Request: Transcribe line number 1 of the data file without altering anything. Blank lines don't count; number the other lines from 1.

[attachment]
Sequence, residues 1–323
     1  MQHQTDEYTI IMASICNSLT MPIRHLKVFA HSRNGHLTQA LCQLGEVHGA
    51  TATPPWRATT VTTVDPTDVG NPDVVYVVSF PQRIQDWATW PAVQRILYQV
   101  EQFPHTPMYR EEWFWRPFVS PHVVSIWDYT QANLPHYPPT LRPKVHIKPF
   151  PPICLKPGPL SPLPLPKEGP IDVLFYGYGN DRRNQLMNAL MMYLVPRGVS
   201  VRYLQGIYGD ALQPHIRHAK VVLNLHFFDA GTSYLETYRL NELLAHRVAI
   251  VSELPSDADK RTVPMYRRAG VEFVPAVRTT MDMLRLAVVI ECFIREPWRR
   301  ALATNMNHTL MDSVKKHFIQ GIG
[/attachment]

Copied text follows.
Sequence, residues 1–323